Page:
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Heroes’ hearts and tokens of love

By LISA GUERRERO NAKPIL, The Philippine STAR Published Feb 07, 2022 5:00 am

The story of the love token spans the ages and reflects the changing tides of the world’s fortunes.

For the conquering GI Joes who landed in Manila after the War, for example, it was chocolate boxes of Whitman’s Samplers, pink tins of Almond Roca and, of course, American nylon stockings. (These were the 1940s precursor of today’s gifts of Royce truffles, Victoria’s Secret and the more uppity La Perla lingerie.)

When the world was still filling concert arenas, the currency of romance next became candlelit dinner for two followed by backstage passes to see BTS.

Today, it’s all about the life-saving appeal of a pricey KN95 from Kaze and a slot to get a booster at a private company clinic. How the mighty have fallen — there used to be a time when a socialite could walk out on her nearest and dearest for lack of the exactly right Hermès crocodile handbag.

In the 19th century, that gilded age inhabited by our favorite heroes, it was, of all things, the opening of the Suez Canal which had the most profound effect on the rituals of courtship. That tiny tweak to the world’s geography cut travel time between Europe and Asia so drastically that it opened the floodgates to young, wealthy Filipinos to be educated in Paris and Madrid and — traveling in the other direction — the arrival of all kinds of imported delicacies that they would learn to consume.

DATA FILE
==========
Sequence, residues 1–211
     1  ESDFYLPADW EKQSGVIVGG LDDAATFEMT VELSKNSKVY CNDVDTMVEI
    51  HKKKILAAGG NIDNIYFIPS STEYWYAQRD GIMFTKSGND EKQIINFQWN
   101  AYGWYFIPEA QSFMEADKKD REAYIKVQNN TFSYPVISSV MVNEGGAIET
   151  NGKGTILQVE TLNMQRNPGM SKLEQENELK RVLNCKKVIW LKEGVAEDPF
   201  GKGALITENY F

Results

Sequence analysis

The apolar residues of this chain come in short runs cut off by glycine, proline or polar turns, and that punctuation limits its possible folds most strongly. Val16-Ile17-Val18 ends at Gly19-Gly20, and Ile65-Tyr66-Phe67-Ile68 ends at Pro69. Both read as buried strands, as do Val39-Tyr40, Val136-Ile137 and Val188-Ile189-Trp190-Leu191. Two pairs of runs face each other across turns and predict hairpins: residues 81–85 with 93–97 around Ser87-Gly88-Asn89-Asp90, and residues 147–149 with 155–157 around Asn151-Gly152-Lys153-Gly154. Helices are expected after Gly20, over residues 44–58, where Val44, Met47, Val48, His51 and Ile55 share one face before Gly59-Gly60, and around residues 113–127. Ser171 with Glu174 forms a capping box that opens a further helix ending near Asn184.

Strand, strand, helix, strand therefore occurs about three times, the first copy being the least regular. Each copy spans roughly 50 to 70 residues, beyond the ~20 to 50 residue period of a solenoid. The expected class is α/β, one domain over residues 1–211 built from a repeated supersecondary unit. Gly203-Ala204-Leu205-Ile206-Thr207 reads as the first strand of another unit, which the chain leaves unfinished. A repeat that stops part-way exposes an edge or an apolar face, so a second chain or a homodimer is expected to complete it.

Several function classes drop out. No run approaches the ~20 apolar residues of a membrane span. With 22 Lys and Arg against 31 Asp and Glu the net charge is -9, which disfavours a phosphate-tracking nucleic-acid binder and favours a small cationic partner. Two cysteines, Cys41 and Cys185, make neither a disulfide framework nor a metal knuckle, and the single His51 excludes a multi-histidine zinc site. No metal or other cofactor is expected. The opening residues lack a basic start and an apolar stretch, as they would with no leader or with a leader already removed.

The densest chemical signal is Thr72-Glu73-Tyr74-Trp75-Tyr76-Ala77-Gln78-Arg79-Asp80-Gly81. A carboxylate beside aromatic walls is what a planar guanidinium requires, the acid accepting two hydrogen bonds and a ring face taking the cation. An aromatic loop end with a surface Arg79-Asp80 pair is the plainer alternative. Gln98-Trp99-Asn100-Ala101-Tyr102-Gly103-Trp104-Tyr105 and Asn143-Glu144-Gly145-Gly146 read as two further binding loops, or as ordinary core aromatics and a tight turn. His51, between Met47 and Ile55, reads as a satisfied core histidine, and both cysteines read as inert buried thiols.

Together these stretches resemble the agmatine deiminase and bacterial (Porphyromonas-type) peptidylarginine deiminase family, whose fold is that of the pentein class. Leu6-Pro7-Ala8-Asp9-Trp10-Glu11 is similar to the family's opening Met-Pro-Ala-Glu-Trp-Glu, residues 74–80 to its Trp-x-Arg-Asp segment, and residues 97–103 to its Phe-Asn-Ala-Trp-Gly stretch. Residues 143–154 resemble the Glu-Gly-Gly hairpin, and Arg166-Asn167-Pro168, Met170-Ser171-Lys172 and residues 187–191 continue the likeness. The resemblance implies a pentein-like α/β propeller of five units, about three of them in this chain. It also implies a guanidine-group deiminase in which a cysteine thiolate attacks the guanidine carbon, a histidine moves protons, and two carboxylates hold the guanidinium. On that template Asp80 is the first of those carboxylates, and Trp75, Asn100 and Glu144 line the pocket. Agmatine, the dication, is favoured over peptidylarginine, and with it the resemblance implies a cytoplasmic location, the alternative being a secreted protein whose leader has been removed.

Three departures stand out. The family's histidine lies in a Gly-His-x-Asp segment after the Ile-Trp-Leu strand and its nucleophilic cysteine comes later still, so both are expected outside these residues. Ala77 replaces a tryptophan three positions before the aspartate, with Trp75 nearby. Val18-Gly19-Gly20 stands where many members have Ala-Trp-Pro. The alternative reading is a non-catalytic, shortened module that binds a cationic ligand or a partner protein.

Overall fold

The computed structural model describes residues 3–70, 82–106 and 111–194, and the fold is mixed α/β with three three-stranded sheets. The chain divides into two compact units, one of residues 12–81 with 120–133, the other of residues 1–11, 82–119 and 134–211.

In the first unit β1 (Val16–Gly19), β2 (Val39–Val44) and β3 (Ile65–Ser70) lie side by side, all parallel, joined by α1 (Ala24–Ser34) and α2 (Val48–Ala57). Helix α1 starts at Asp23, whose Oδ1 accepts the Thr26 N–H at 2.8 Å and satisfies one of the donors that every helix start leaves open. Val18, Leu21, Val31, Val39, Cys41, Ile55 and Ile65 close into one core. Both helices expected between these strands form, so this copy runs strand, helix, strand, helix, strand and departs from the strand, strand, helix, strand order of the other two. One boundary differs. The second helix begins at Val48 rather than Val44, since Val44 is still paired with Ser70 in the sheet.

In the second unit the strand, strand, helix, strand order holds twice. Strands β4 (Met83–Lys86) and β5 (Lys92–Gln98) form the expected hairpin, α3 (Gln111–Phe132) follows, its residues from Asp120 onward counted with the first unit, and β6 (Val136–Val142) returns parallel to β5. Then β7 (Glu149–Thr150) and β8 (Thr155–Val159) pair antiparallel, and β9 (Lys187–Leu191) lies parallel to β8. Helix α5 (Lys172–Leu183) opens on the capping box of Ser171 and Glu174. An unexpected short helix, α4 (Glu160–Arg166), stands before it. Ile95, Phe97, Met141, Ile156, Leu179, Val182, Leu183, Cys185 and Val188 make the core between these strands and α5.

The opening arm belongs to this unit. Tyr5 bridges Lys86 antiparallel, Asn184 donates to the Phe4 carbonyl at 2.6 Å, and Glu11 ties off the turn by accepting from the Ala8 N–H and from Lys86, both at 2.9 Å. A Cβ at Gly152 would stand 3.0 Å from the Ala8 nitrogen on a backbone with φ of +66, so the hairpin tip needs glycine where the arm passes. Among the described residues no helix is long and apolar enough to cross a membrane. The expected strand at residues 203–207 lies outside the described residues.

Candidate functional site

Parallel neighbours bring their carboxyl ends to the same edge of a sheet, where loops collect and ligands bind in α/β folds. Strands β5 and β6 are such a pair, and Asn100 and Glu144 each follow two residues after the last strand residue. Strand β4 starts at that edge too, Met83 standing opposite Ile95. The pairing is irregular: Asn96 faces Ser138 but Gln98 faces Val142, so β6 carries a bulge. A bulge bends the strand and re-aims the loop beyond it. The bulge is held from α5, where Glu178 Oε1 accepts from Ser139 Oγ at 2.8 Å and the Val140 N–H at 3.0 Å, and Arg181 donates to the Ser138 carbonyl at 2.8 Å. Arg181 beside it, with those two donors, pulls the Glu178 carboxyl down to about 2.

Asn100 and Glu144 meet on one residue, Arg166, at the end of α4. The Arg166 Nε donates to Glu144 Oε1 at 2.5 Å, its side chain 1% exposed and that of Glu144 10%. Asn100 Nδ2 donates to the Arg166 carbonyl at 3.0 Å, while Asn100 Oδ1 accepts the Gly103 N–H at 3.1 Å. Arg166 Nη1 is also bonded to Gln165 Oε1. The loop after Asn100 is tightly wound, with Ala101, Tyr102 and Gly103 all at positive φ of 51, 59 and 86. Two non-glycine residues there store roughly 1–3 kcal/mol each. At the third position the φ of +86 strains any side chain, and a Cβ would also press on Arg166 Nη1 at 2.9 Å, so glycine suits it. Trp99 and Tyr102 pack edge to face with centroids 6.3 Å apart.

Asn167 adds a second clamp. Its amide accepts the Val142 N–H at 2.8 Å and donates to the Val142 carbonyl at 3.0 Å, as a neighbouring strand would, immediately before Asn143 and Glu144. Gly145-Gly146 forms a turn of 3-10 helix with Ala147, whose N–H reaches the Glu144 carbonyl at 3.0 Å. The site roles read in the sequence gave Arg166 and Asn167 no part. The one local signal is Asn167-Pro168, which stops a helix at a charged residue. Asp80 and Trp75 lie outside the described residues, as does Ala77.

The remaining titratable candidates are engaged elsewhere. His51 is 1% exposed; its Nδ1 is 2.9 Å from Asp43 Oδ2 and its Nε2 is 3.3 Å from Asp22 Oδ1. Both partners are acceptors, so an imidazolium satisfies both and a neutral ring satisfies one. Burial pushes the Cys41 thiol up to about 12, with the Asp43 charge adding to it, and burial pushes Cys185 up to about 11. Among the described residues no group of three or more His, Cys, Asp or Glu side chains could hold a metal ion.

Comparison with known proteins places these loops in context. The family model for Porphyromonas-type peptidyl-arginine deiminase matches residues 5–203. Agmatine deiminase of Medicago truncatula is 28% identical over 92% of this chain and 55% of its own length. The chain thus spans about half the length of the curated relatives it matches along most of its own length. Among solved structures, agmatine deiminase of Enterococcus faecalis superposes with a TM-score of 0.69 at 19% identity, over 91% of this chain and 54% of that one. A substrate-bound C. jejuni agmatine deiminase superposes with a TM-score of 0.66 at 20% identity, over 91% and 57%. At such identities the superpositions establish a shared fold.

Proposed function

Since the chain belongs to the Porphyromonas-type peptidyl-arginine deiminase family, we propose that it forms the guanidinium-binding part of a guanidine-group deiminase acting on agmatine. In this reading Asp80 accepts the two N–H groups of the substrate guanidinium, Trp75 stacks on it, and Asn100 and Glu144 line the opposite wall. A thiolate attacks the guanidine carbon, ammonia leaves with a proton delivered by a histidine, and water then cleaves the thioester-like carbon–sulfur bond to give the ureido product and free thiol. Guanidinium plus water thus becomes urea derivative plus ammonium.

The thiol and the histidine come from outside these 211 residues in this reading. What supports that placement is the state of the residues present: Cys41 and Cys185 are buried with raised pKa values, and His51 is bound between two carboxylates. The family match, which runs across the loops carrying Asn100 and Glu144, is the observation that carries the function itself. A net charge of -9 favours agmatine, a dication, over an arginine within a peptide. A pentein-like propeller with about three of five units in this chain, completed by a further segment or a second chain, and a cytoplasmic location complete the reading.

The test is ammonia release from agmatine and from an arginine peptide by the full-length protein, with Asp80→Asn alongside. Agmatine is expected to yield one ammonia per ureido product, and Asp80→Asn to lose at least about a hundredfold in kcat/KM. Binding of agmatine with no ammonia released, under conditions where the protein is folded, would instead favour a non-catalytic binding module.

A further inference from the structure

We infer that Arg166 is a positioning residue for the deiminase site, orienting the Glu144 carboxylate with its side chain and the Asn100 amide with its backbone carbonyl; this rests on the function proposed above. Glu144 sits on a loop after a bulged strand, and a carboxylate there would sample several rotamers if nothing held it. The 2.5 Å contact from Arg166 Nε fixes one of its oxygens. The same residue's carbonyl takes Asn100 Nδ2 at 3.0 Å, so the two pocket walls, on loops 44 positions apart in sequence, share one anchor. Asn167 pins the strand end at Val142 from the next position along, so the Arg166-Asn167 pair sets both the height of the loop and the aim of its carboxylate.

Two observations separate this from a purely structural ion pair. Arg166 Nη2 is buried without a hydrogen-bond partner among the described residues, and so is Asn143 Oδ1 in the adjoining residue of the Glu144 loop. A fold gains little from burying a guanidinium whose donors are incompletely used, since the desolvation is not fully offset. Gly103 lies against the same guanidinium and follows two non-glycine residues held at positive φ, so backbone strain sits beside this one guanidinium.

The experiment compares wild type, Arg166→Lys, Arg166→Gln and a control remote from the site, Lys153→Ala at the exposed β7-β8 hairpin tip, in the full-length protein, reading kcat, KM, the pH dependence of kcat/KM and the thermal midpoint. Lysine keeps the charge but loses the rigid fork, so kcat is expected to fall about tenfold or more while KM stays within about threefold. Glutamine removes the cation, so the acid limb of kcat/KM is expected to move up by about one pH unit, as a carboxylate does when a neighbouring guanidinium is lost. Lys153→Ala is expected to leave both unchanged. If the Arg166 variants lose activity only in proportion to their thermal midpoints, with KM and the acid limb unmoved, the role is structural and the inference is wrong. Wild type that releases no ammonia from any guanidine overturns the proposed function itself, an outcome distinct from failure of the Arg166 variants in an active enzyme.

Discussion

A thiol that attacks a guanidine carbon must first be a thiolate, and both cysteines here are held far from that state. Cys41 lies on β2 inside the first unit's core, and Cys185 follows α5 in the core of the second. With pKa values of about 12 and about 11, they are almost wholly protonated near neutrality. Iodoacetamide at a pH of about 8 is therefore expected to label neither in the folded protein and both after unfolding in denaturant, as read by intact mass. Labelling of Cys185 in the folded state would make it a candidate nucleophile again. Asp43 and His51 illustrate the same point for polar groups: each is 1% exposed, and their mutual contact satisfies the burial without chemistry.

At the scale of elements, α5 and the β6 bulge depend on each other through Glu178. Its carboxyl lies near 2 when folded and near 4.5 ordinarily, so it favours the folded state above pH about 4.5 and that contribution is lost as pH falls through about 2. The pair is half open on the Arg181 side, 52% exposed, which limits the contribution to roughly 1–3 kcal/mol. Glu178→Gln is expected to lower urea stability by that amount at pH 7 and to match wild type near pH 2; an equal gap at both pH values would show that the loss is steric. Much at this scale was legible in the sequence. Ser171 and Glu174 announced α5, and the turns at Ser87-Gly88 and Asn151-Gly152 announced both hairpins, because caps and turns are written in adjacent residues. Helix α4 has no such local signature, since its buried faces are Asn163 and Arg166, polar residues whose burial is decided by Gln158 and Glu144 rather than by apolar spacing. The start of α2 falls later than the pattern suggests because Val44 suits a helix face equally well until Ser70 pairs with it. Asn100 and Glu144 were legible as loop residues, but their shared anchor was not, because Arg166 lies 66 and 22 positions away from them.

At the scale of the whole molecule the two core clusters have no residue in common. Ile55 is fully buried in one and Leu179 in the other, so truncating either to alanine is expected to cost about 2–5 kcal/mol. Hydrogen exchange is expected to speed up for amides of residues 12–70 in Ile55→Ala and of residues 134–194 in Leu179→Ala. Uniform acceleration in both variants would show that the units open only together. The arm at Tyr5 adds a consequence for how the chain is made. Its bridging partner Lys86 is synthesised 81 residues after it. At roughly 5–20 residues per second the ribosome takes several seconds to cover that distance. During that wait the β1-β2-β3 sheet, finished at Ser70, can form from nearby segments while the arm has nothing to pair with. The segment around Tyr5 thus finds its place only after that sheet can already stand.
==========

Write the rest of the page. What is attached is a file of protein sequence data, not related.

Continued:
Rizal, on the other hand, was the ultimate beau and his personal history is littered with women that he pursued.

Social raconteur and collector of century-old culture Augusto “Toto” Gonzalez III said that the place to scoop up these bibelots for one’s beloved was at the posh La Estrella del Norte on the Escolta.

Manila’s upper crust and visiting royalty would shop for love tokens at La Estrella del Norte on the Escolta.

One of its most famous customers was His Majesty the King of Cambodia Norodom I, who arrived in Manila in 1872 on a grand tour. He promptly fell in love with the beauteous Josefa Roxas y Manio of Calumpit, Bulacan and felt that he had to impress with the right adoring message.